UN youth envoy commends Beng for leading by example PDF Print E-mail
Wednesday, 12 August 2015 10:39

by Vic Larato

The United Nations Secretary-General’s Envoy on Youth, Ahmad Alhendawi, could not help but admire Mayor Beng Climaco and commended her even for leading the city back to recovery amid all the challenges that normally come with the process and that includes “criticisms from different directions”.

“I thank you very much Madam Mayor for your leadership, your inclusive leadership… for leading by example and for bringing together the people of this city behind the vision of rebuilding a better Zamboanga,” Alhendawi said after Mayor Climaco showed him video presentations about the 2013 siege, the destructions, the humanitarian crisis and updates on the recovery projects.

The UN youth envoy said the city’s coming back to chart requires a lot of hard work but the return and the reward will be amazing as well.

“One thing we learned about what makes a city successful in making a comeback like Zamboanga’s is to be inclusive. This is the spirit I sense (here). So, I commend you for that,” Alhendawi told Climaco and he added that the UN remains committed and a proud partner for the people of Zamboanga.

Alhendawi, a 31-year-old Jordanian, however, strongly emphasized about the need for people to come together in a different mindset.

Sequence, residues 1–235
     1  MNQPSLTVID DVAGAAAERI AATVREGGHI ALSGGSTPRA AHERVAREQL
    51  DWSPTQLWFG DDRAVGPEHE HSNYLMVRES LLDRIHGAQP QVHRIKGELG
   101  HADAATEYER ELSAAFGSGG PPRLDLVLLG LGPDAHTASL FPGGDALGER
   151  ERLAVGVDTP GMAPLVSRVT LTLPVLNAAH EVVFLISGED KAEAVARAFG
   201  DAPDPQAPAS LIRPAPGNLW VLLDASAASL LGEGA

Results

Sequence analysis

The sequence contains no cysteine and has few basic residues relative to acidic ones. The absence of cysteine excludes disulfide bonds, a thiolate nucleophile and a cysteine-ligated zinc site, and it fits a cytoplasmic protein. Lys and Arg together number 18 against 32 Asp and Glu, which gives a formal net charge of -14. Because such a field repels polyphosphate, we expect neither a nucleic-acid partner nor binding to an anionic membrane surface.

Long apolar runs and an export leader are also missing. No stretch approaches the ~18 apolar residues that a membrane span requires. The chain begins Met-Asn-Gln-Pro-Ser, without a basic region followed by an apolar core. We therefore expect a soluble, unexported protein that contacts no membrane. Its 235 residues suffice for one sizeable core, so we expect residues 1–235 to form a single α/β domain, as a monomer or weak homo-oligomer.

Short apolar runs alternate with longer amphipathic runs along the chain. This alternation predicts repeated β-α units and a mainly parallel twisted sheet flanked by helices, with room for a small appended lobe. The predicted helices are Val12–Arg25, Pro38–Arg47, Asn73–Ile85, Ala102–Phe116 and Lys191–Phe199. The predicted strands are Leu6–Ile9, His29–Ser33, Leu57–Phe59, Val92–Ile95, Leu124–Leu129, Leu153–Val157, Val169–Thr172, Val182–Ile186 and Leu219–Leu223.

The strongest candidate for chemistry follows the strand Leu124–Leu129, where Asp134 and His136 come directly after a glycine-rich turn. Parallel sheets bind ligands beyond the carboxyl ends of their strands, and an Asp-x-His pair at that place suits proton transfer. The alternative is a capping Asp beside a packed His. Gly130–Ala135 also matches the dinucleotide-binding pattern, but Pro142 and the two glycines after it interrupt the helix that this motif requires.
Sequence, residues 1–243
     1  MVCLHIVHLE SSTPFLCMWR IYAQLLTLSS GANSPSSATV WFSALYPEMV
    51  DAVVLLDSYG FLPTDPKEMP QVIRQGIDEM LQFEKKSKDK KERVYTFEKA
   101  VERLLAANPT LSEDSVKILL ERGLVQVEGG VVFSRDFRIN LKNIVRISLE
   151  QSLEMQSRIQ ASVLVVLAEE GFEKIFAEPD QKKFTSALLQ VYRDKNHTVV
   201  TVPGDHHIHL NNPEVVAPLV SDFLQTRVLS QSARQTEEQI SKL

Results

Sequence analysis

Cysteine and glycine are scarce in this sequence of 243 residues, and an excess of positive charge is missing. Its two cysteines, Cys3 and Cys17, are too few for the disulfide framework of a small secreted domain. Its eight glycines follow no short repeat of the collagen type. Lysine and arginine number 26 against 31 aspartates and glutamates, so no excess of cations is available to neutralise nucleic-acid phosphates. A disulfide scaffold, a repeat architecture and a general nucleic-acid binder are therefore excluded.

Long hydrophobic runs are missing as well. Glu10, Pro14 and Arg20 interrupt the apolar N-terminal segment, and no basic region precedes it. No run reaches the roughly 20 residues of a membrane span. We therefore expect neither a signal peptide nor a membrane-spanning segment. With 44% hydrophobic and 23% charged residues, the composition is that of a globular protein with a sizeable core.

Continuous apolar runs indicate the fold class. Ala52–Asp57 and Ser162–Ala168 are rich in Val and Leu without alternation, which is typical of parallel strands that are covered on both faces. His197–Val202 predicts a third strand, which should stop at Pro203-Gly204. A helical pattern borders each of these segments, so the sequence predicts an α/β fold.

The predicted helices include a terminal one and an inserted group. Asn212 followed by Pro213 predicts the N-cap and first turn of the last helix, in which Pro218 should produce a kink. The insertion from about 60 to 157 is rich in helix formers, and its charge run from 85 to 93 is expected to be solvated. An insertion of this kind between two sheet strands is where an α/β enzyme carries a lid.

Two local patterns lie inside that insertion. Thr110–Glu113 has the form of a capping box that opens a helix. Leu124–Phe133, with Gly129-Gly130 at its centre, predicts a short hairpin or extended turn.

“Sometimes you come at the point of (making) history where you have to step up to the challenge of inviting people to not only demand services but also to be part of the solutions by offering their services,” the youth envoy said as he challenged the people of Zamboanga to volunteer, to offer and to be part of the recovery process.

According to him, in a post-conflict situation there are too many to cater for, and if people just wait for their government, of the city authorities and of the UN “that might take us ages and the fastest way to get us to recovery is to train people to be service providers themselves not only as consumers or demanding services”.

He stressed that people should not feel the assumption that services are coming to them “because it will take much longer time if they would only be just sitting to wait for other people to serve them.”

That, he explained, is a negative kind of narrative. “It’s something I have been fighting myself; the fight against the negative narrative of our people.”

Alhendawi urged the Zamboangueños to “be part of the recovery”. “Don’t wait for change to come. You should be part of it. People should feel the sense of urgency and the responsibility to come aboard this amazing comeback of Zamboanga.”— Vic Larato